In this era of partisanship, it is encouraging to see Members of Congress working across the aisle. Of the 205 bills that Lipinski cosponsored, 58% were introduced by a legislator who was not a Democrat. View Cosponsored Bills »

Compare to all Illinois Delegation (94th percentile); House Democrats (97th percentile); Safe House Seats (99th percentile); All Representatives (98th percentile).

Only Democratic and Republican Members of Congress who cosponsored more than 10 bills and resolutions are included in this statistic.


 

Cosponsored the 93rd most bills compared to All Representatives (tied with 4 others)

Lipinski cosponsored 205 bills and resolutions introduced by other Members of Congress. Cosponsorship shows a willingness to work with others to advance policy goals. View Cosponsored Bills »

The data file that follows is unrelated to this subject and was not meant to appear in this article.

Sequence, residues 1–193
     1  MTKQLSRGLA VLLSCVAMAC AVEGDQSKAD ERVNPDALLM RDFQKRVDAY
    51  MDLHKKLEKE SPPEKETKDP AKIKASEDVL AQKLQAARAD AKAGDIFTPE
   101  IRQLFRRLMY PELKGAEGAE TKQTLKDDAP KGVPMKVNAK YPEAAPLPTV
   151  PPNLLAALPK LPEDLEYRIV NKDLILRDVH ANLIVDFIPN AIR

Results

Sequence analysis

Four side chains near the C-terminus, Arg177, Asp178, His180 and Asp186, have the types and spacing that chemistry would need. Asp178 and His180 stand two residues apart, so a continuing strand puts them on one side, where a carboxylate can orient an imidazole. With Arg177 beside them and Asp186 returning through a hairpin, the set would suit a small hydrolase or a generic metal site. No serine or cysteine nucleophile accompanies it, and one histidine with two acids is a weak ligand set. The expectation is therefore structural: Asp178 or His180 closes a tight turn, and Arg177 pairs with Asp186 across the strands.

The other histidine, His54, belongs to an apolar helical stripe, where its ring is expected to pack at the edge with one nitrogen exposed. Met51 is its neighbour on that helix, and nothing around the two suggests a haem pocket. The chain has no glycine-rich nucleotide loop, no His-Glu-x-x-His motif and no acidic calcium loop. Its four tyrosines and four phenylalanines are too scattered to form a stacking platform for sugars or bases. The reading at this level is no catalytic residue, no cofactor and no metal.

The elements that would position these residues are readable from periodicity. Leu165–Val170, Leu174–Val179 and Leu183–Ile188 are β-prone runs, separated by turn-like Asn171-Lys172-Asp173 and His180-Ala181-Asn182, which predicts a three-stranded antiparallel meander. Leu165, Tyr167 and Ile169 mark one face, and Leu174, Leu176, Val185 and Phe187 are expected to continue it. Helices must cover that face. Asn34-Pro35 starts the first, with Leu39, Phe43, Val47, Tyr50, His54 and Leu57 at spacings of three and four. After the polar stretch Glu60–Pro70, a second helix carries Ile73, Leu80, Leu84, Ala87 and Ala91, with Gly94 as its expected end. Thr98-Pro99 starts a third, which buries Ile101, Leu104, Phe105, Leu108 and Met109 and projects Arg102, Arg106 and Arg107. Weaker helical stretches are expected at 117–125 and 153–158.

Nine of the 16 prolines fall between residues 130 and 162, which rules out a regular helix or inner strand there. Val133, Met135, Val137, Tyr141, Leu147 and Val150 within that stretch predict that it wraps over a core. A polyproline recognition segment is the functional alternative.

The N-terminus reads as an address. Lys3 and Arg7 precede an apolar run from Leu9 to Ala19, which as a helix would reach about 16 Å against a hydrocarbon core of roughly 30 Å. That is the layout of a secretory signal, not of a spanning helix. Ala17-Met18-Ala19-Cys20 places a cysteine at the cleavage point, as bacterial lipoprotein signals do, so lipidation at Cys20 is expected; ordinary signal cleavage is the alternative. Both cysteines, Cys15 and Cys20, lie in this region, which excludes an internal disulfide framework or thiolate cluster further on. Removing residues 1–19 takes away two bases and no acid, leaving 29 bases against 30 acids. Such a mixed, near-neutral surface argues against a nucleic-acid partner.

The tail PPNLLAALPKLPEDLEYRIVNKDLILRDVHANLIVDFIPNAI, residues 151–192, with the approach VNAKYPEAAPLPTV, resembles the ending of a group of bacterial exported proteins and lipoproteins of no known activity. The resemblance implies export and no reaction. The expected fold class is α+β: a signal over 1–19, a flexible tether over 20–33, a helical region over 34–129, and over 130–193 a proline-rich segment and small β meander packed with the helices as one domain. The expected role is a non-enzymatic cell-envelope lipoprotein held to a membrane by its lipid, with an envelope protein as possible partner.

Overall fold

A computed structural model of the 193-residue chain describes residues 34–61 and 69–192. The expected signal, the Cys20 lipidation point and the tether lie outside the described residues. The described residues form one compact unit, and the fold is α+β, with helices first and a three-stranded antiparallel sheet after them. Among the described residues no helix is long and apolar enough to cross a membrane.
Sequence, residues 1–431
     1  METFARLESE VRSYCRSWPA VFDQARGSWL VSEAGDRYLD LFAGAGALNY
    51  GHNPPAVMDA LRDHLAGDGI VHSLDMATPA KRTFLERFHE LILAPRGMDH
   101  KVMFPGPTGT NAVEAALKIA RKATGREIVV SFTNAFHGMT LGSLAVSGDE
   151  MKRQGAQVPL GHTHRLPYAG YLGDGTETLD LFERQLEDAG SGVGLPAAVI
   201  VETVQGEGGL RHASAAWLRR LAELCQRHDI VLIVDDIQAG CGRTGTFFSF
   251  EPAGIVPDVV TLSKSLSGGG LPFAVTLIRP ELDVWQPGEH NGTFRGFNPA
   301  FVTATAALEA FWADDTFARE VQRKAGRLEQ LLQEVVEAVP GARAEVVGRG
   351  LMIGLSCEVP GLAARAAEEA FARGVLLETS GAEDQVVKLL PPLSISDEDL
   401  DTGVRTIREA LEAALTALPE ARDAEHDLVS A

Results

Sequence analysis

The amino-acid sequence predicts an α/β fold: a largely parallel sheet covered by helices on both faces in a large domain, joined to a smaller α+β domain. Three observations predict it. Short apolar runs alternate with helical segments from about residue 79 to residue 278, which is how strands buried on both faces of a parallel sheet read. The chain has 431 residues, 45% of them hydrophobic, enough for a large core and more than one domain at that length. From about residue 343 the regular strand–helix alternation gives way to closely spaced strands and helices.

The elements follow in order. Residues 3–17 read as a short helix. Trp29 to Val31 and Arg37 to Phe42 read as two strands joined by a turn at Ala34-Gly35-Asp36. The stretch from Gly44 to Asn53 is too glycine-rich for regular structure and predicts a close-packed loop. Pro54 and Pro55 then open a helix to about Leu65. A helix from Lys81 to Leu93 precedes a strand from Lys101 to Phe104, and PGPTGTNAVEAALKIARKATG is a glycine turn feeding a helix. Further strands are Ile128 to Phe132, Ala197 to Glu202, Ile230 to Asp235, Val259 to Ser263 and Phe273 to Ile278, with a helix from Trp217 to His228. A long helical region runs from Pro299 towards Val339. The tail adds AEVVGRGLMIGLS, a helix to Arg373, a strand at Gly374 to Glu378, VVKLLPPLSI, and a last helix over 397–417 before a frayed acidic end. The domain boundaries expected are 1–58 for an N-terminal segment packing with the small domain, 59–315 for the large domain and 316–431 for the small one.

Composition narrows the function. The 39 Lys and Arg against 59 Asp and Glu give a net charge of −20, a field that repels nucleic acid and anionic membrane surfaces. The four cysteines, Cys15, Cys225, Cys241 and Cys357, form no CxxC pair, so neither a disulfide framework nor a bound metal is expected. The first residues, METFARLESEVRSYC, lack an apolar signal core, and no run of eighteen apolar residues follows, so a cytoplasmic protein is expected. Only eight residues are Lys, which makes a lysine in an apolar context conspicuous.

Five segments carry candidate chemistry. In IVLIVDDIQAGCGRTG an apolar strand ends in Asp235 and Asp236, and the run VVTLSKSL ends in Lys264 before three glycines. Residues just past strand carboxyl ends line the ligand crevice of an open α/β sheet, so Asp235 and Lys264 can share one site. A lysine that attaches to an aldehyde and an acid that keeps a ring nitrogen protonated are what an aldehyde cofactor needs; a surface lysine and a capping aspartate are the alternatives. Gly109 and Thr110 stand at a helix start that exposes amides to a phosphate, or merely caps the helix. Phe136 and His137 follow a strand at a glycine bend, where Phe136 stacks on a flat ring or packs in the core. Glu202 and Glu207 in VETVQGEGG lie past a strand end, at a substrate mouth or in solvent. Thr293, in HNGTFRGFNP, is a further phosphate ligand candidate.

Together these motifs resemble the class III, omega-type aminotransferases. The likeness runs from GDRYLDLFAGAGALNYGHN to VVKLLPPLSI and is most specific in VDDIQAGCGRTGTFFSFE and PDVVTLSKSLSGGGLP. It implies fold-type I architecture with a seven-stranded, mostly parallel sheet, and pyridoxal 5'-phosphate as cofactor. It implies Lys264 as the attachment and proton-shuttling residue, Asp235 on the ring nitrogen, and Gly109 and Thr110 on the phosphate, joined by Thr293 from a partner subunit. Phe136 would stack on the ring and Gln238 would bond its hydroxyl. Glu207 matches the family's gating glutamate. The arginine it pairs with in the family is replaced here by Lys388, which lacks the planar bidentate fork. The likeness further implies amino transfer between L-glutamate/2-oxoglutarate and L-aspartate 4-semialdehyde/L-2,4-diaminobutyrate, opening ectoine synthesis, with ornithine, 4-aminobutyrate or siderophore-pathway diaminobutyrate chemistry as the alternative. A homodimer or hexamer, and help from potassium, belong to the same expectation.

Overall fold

Compare to all Illinois Delegation (72nd percentile); House Democrats (64th percentile); Safe House Seats (78th percentile); All Representatives (78th percentile).


 

Government Transparency

GovTrack looked at whether Lipinski supported any of 12 government transparency, accountability, and effectiveness bills in the House that we identified in this session. We gave Lipinski 0 points, based on one point for cosponsoring and three points for sponsoring any of these bills.

Compare to all Illinois Delegation (0th percentile); House Democrats (0th percentile); Safe House Seats (0th percentile); All Representatives (0th percentile).


 

Laws Enacted

Lipinski introduced 0 bills that became law in 2013. Keep in mind that it takes a law to repeal a law. Very few bills ever become law.